San Bruno grade separation project nears half-way mark

23rd Aug 2012
San Bruno grade separation project nears half-way mark

The San Bruno Grade Separation Project, which will dramatically enhance safety at three rail crossings in downtown San Bruno, is nearing the half-way mark. The supports and bridges for the $147 million public safety project are clearly visible, giving the public a clear idea of the size and scope of the grade separation.

The project will raise the train tracks by 18 feet and lower the road by about four feet at three crossings—San Bruno, San Mateo and Angus avenues. The current station at Sylvan Avenue also will be replaced by a new station on the grade separation between San Bruno and San Mateo avenues.

There will be three pedestrian underpasses – one in the vicinity of Sylvan Avenue, one at the new station and another between Euclid Avenue and Walnut Street. Elevators will provide easy access for riders with disabilities. A total of 201 parking spaces and a “kiss and ride” for dropping off and picking up passengers will serve the station at the site of the former San Bruno Lumber.

The project will include extensive landscaping on the east and west sides of the grade separation, as well as a fountain and an expanded and enhanced Posy Park on the west side.

Grade separations reduce accidents by separating vehicle and pedestrian traffic from train tracks at railroad crossings. Since the Ralston/Harbor/Holly Grade Separation Project in Belmont and San Carlos was completed in 2001, there have been only two fatalities in the area. Before the grade separation five fatalities occurred in the area over an eight-year period.


For contractors, the location of the San Bruno project is one of its most challenging aspects: Interstate 380 is at the northern boundary of the project; San Bruno Avenue is a busy east-west arterial connecting to Highway 101; San Mateo Avenue, the main entryway to downtown San Bruno, crosses the intersection; and the BART tracks to San Francisco International Airport run underneath the project area. In addition, Caltrain operates 86 trains every weekday beginning before dawn until midnight through the construction area.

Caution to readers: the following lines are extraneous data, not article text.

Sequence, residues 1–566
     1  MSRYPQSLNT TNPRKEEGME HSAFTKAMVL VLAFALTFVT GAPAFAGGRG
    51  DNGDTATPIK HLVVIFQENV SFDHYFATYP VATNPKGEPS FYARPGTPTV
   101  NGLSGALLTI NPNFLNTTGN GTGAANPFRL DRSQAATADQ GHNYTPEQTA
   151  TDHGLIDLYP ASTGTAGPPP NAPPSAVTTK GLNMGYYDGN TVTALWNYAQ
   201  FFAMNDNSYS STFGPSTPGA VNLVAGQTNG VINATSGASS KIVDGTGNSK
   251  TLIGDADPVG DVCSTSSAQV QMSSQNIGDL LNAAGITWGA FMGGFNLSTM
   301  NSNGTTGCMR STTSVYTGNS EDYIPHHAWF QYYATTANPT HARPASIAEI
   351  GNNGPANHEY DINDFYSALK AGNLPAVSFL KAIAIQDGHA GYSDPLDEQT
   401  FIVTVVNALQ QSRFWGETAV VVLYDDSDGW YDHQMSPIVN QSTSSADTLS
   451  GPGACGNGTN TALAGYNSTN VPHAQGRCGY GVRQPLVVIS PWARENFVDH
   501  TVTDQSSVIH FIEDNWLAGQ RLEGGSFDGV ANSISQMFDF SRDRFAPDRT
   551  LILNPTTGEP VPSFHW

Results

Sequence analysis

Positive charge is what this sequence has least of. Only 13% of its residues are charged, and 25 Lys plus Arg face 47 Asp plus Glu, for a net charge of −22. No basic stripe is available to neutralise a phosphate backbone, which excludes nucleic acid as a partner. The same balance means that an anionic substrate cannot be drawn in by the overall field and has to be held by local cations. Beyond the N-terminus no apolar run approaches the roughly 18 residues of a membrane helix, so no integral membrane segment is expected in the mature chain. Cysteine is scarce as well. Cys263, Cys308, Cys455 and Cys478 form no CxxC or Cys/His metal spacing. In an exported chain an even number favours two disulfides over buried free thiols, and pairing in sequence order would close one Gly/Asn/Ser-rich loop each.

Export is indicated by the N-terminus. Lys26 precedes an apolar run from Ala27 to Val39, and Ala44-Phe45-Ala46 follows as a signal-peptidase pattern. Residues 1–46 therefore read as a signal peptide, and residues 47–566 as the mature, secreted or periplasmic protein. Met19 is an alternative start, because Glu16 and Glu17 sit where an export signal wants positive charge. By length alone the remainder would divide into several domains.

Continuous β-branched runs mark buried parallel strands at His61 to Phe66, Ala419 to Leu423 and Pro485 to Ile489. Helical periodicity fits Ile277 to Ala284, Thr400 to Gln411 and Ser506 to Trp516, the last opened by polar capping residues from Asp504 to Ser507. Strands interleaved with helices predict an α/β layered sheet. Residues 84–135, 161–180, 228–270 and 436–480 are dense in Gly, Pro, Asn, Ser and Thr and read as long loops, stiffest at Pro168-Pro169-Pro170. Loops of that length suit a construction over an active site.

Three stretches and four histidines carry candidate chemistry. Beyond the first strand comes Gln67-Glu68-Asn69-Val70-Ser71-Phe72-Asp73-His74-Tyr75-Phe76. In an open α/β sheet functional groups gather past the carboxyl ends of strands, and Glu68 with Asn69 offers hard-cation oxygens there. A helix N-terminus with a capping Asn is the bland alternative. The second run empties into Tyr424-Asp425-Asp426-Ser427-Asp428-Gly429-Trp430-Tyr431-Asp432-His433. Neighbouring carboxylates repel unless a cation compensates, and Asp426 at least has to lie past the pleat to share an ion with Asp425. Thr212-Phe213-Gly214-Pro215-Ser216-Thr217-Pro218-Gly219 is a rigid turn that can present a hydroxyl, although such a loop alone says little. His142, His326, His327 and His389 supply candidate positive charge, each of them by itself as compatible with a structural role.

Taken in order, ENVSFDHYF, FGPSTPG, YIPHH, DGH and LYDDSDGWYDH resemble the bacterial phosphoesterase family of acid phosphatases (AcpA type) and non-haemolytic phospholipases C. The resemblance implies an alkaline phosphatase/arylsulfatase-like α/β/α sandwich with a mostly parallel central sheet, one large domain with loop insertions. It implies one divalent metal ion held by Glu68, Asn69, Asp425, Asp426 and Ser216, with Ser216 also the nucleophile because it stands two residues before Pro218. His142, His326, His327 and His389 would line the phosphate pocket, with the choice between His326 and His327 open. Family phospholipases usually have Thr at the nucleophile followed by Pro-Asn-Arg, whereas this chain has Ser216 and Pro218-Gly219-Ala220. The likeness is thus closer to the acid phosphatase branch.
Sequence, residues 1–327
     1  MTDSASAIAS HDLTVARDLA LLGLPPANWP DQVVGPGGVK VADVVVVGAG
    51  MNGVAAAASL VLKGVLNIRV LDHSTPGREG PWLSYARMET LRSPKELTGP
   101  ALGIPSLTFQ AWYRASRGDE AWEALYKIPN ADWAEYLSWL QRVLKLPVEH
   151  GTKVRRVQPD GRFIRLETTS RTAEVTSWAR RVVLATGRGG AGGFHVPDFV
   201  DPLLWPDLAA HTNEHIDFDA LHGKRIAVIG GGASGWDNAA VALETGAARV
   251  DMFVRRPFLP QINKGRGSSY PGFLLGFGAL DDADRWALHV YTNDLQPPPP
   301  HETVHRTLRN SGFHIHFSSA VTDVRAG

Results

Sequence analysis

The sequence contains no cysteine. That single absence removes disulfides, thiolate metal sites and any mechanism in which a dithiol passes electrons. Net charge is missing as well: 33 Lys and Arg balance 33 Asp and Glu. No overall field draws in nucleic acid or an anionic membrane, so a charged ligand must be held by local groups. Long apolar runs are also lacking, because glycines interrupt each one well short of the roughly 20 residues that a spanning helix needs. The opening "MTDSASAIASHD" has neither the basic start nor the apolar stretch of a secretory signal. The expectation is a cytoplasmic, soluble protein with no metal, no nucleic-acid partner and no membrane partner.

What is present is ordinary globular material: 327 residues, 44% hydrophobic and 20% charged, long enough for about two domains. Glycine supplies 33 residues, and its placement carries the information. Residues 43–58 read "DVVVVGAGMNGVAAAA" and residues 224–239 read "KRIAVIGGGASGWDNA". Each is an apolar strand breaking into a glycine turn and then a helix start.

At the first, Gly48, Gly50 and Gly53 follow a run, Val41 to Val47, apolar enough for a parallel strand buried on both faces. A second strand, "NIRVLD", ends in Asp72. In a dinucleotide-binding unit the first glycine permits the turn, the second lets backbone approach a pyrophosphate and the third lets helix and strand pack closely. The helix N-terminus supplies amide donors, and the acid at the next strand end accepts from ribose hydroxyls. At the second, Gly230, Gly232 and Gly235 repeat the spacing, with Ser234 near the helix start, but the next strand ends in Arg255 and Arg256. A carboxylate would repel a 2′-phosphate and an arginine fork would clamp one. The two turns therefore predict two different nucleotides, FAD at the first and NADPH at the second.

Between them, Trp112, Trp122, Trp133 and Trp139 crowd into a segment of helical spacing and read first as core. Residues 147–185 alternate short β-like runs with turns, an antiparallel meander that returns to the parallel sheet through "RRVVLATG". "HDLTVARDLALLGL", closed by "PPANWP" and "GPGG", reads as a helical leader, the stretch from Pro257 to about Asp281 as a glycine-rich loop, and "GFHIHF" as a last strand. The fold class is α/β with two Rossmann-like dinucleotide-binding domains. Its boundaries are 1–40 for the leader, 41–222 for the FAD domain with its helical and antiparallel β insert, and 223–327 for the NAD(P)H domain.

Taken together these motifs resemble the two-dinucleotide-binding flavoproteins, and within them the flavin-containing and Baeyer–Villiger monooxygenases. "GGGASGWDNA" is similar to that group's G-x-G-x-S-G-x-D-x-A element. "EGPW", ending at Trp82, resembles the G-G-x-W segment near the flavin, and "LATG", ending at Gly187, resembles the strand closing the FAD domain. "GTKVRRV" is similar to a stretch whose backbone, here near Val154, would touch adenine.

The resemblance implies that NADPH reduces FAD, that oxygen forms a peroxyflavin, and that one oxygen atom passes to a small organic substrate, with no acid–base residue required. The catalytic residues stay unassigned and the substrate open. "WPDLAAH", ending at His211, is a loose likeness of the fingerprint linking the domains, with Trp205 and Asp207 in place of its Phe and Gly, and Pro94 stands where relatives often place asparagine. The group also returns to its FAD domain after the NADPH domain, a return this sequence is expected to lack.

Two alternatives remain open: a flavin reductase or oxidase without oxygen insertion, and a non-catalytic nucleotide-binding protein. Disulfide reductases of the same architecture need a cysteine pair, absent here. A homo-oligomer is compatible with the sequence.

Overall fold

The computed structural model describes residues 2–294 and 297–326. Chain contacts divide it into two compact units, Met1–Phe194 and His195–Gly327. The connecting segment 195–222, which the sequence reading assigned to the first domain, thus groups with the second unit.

Construction kicked off at the end of 2010 and, until recently, much of the work has been underground. A shoofly, temporary train tracks to be used during construction, was built. Utilities, including sewer, water, power and telecommunications lines, were relocated. Work on a box culvert, which will increase the capacity of San Bruno’s main storm drain, is underway.

Because the site is directly over the BART extension to SFO, the weight of the entire project cannot exceed the weight of the soil before the construction of the grade separation. A total of 65,000 cubic yards of soil will be removed from the site.

The soil is being replaced with lightweight fill that weighs just 35 pounds per square foot compared to the weight of the soil, which is 120 pounds per square foot. The fill, which will be mixed on site, is a combination of sand, cement and a chemical propellant and is being blown into place.

The 30-foot support structures for the project are made of reinforced concrete. They sit on steel piles that were driven into the ground at varying depths, some of which are more than 70 feet deep. The number of piles varies from 30 to 66, depending on their location. At total of 349 piles were used in the support structures.

The steel train bridges over San Bruno, San Mateo and Angus avenues were installed over three weekends in July. The work provided dramatic footage for a youtube video shot by an interested neighbor.

The next step in the project will be to install the steel boarding platforms for the train station. Because the platforms do not support the weight of the train, they are much lighter; only one crane will be needed to put them in place and the work is expected to take less time than the bridge installations. At 800 feet, the station will be one of the longest in the Caltrain system.

The installation of the Mechanically Stabilized Earth or MSE walls will start this month. These prefabricated walls rely on the friction between the fill and the panel to hold the panels in place. Compared to reinforced concrete walls, MSE walls are easier and faster to install. MSE walls also were used in the grade separation project in Belmont and San Carlos.

The box culvert will be completed before the rainy season. The culvert will increase the capacity of the city’s existing storm drain system, which will help reduce the chance of flooding during heavy rains.

Also to be completed by fall, the shoring, piles and steel plates used for the excavation will be removed. The shoring is so close to the train tracks that the removal work must be done at night, when trains are not operating. The piles, which were installed by vibrating them into place, will be removed the same way.

Plans call for the trains to “cutover” to the new, elevated tracks next spring. After that, the shoofly will be removed and construction of the southbound platform will begin.

The entire project is scheduled to be completed by fall 2013. According to Caltrain’s most recent ridership count, more than 400 people use the San Bruno station on an average weekday. Ridership at the station has increased 7 percent since 2009.

The project is funded by $85.6 million in sales tax revenues from Measure A, a voter-approved half-cent sales tax for transit and transportation projects in San Mateo County. Those Measure A dollars were leveraged to attract $54.8 million in state funds and $6.6 million in federal funds. Fifteen percent of all the funds collected under the reauthorized measure (approved by voters in 2004) are allocated to Caltrain grade separation projects.


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